The Hardanger fiddle is a Norwegian variant of the violin, dating from about 1650. It is strung with eight strings, four of which vibrate while a bow plays the others. This instrument was made in 1872 by K.E.Helland, a member of a famous family of fiddle-makers from Telemark, Norway. Hardanger fiddles are decorated in a vernacular style; the finial of this example is a heraldic lion, with a gilt crown, carved in the Norwegian folk tradition.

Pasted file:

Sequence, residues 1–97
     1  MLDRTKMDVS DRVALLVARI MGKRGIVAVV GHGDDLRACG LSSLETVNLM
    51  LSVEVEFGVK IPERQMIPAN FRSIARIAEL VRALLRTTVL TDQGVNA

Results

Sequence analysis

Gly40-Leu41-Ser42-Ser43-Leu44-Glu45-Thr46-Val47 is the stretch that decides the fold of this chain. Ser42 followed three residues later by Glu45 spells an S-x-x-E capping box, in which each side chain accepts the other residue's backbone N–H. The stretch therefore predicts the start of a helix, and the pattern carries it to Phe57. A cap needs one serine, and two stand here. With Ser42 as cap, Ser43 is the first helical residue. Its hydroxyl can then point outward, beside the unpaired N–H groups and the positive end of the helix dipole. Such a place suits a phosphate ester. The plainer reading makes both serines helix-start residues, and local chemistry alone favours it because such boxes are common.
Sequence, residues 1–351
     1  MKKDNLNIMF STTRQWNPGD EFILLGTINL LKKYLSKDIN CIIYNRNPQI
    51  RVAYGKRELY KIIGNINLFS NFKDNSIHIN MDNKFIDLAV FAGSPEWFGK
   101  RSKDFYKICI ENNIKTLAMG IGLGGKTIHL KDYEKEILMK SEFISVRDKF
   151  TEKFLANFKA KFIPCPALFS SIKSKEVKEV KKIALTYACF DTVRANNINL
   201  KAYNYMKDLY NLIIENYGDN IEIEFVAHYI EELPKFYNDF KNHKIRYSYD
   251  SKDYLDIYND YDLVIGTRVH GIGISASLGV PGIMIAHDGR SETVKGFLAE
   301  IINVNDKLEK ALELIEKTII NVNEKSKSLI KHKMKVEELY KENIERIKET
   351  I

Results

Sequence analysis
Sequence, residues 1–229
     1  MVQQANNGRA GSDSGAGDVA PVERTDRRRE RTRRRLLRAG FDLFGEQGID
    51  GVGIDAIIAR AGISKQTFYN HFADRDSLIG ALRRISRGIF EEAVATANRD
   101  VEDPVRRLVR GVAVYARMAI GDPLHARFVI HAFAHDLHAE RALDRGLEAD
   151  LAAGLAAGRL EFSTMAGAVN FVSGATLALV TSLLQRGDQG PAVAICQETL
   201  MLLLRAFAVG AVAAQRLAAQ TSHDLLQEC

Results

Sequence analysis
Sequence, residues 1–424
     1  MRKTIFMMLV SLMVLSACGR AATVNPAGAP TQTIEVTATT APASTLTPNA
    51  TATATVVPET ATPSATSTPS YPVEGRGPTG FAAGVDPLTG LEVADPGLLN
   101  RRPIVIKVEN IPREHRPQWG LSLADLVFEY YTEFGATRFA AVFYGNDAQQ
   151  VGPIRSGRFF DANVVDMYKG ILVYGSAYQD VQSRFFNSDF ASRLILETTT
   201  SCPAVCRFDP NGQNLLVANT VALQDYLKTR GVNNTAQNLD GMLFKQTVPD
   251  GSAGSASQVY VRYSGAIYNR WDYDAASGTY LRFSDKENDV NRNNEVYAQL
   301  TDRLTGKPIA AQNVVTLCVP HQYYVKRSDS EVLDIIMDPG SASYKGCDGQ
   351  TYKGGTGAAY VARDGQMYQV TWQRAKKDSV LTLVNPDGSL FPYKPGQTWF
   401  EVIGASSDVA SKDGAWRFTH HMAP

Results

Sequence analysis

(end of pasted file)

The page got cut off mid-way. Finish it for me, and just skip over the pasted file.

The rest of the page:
Hardanger fiddle are used for folk singing, dances and wedding processions. Edvard Grieg (1842-1907), Norway's greatest composer, incorporated the traditional melodies played on such fiddles into his compositions. The leading player of Grieg's day was probably Torgeir Augundson (1801-1872), a miller's son also from Telemark.